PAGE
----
73

The following command works from prompt but not from crontab.

 grep abc  /var/log/messages | grep "`date '+%B %d'`" | mail -s"abc log of `hostname`" shantanu.oak+`hostname`@gmail.com

I need to add it to daily cron.

  • Your example is amazing, the % is surrounded by double, simple and back quotes. Leaving no hope that quote escaping could work. – tuxayo Jan 26 '18 at 16:39
122

You have to escape the % signs. They have a special meaning in crontabs:

man (5) crontab:

Percent-signs (%) in the command, unless escaped with backslash (\), 
will be changed into newline characters, and all data after the 
first % will be sent to the command as standard input.
  • 6
    +1 Very intersting, I didn't know that either. Surprised I haven't run into this. – Kyle Smith May 27 '11 at 13:24
  • 2
    Well I just did run into this. I was using date +%F and was getting nowhere – adamo Feb 20 '15 at 12:14
  • 2
    Does this syntax have any useful use? With SHELL=/bin/bash, I can always rewrite cat %Hello world as cat <<<'Hello world'. I do not see the need for special syntax. – Witiko Jul 19 '17 at 13:54
  • @Witiko If the "special syntax" you're asking about is the backslash to escape percent, then the OP's own question is an example where it's needed: command arguments that require percent, notably the date program, which would be quite popular in a crontab command. If you're actually asking why cron has this gotcha in the first place: ie: substitutes linefeed in place of percent, then I guess it's so you can supply, on a single line that crontab requires, a "command" that consist of two or more subsidiary commands. – gwideman Sep 6 '18 at 3:57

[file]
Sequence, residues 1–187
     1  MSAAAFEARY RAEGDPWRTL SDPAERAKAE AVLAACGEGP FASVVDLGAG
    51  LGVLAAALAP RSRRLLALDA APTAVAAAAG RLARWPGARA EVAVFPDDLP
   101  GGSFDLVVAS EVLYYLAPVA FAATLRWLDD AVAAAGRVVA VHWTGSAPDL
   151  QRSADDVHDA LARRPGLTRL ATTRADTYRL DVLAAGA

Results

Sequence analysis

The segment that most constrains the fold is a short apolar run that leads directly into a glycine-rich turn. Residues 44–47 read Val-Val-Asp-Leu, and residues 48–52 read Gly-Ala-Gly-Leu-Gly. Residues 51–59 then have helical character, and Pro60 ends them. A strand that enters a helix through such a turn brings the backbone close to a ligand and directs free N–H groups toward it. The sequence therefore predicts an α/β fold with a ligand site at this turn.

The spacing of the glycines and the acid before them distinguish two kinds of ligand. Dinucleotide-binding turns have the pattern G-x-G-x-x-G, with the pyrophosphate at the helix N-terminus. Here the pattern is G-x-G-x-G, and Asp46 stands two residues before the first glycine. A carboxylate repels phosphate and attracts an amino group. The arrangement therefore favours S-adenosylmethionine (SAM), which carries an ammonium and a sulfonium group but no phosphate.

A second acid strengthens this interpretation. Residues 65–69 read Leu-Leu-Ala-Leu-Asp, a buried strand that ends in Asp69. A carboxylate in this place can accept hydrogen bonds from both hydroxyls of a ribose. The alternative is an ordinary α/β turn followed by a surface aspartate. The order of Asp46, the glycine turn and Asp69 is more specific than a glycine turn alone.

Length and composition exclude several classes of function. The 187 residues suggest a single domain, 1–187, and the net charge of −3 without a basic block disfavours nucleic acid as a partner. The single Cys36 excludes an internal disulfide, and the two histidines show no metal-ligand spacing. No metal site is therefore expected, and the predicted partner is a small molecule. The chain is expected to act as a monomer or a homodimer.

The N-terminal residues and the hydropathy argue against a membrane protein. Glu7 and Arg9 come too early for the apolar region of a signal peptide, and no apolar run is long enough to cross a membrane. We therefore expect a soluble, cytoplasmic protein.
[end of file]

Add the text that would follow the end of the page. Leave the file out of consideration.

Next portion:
• The latter. And, as I mentioned, one can do the same with bash. No need to litter the syntax of Cron. – Witiko Sep 6 '18 at 11:11
7

This doesn't directly answer your question, but I would suggest that you create a script file in /usr/local/bin (or ~/bin or whatever is appropriate) and call that from cron. It's easier to test and edit.

  • 2
    In my experience, it is much easier to maintain 50 lines in a crontab than it is to maintain 50 tiny files. You will want to turn longer scripts into script files for sure, but doing so for one-liners may be an overkill. – Witiko Oct 3 '17 at 0:13

Your Answer

By clicking “Post Your Answer”, you agree to our terms of service, privacy policy and cookie policy

Not the answer you're looking for? Browse other questions tagged or ask your own question.